Motor Types & Control Schemes

CS 480: Robotics & 3D Printing Lecture, Dr. Lawlor

An electric motor has a frame that does not rotate, called the stator because it is stationary; and a rotating center part called the rotor.  Nearly all electric motors work by using a coil of wire to create an electromagnet, that pushes against another magnetic field to drive the motor into motion.

2 Wires: Brushed DC Motor

A brushed DC motor passes the incoming electric current through a set of brushes to reach the rotor.  Typically the stator's magnetic field is a set of permanent magnets mounted to the frame.  As the rotor rotates, the brushes switch the rotor's magnetic poles to keep it perpendicular to the stator field, which gives the rotor continuous torque. 

To reverse the direction of rotation of a brushed DC motor, you simply apply a DC current of the opposite polarity. 

A simple DC electric motor. When the coil is powered, a magnetic field is generated by the rotor, causing rotation.
The rotor continues to rotate.
When the rotor becomes horizontally aligned, the torque becomes zero. At this point, the commutator reverses the direction of current through the coil, reversing the poles.

This "commutation" happens mechanically as the brushes rotate past the rotor.  Mechanical commutation is simple, but slowly wears away the copper commutator and graphite brushes, produces electrical arcing during opertion, and emits electrical and audible noise.  This electrical noise can cause interference in other parts of the system, especially sensitive sensing and control systems.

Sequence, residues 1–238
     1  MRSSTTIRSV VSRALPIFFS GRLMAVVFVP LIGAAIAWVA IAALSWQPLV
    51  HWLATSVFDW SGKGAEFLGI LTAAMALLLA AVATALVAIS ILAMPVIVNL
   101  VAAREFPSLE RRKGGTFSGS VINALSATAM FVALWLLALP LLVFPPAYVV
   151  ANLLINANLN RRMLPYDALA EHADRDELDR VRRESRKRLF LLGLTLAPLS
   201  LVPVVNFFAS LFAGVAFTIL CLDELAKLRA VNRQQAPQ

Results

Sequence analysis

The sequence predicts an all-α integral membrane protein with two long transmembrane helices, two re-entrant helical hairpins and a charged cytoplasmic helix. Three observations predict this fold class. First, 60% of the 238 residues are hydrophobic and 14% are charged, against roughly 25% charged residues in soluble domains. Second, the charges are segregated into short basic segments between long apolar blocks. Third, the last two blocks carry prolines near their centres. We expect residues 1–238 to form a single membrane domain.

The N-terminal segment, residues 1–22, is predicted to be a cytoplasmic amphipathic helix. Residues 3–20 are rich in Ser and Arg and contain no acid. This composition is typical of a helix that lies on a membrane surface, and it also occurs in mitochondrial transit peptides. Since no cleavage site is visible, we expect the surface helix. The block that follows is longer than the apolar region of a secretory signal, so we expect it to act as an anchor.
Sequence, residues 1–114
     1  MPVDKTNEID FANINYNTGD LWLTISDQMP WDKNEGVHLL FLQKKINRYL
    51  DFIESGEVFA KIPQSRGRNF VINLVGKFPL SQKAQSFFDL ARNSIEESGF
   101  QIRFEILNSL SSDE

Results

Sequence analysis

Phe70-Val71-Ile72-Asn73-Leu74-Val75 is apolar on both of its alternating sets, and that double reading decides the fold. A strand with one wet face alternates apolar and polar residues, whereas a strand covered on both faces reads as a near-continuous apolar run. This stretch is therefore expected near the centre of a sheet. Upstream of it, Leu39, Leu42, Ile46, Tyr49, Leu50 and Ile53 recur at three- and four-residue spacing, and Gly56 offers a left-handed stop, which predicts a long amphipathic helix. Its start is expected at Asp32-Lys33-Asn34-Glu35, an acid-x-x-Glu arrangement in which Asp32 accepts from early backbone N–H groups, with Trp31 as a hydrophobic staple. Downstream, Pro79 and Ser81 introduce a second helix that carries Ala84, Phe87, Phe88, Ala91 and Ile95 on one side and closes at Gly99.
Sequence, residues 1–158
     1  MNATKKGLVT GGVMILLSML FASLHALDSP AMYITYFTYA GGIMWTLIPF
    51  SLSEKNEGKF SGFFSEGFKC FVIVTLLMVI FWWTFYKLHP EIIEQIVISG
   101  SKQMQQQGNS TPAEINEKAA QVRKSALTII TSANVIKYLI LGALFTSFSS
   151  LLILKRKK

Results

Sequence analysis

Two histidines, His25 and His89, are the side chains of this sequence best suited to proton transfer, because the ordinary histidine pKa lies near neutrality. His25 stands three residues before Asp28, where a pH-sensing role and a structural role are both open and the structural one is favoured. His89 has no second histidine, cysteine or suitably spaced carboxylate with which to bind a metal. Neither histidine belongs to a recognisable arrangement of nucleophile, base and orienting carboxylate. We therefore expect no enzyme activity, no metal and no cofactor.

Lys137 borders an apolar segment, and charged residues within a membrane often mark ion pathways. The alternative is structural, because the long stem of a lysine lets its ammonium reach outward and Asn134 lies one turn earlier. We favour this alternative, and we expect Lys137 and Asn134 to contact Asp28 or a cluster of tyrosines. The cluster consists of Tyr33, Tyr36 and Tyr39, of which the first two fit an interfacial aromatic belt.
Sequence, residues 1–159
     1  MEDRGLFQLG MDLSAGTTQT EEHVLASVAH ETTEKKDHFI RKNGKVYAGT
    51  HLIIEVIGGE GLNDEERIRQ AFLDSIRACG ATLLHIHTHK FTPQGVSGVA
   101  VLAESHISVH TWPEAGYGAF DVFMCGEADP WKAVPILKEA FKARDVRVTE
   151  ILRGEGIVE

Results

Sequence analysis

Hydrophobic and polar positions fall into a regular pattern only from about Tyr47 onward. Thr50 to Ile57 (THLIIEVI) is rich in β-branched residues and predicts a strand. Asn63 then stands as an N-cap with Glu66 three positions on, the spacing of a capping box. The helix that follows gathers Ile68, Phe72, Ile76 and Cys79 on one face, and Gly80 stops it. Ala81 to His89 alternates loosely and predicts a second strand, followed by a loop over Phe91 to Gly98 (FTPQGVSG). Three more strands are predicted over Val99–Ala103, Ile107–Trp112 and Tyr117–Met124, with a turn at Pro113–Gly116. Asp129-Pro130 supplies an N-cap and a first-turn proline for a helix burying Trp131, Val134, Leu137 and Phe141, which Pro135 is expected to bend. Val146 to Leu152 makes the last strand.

This is the rotor's mechanical appearance:
DC motor rotor, showing small copper commutator brushes,
        copper windings, and steel laminations
Many illustrations show a two-pole rotor, which is the simplest, but has two "dead zones" where the motor produces no torque, and also has a direct short across the commutator when the brushes are crossing between poles.  Real motors use a 3 or 5 pole rotor.

A DC motor's maximum torque is produced at low speed.  At higher speeds, less current flows through the rotor windings due to their inductance, reducing current consumed and torque produced.  Stall torque can be excellent, but without any inductance slowing the current through the windings, many DC brushed motors draw stall currents up to dozens of amps, and many will burn out within a few seconds when stalled due to resistive heating of their windings, even at their rated operating voltage.

If you apply an electric current, a DC motor produces torque.  If you want to control position, you need to add a position sensor, such as a potentiometer or magnetic encoder, and use this sensed value to achieve closed-loop control of position.  The combination of a DC motor, position sensor, and control electronics is known as a servo, which range from tiny servos for lightweight radio controlled aircraft, to heavy kilowatt-scale CNC servomotors.

Typical robotics applications:

3 Wires: brushless three-phase motor

Unlike a brushed motor, a three-phase motor takes in alternating current directly on 3 wires, which feed stator coils to drive permanent magnets installed in the rotor.  The lack of brushes eliminates wear and a source of electrical noise, but it needs a more sophisticated external commutation circuit, which needs some way of measuring the rotor position to generate the right motor currents.  Above a few thousand RPM, it is possible to measure rotor position by watching for the zero-crossing voltage induced in the windings by the motion of the rotor; at lower RPMs it is more reliable to add a hall effect sensor to measure the rotor magnetic field directly.

Modern brushless motor controllers take the same R/C servo PWM signal as a servomotor.

Typical robotics applications:

4+ Wires: Stepper Motor

A stepper motor is a large pole count brushless motor.  Unlike three-phase motors, they are designed to allow reliable open-loop operation.

Typical robotics applications: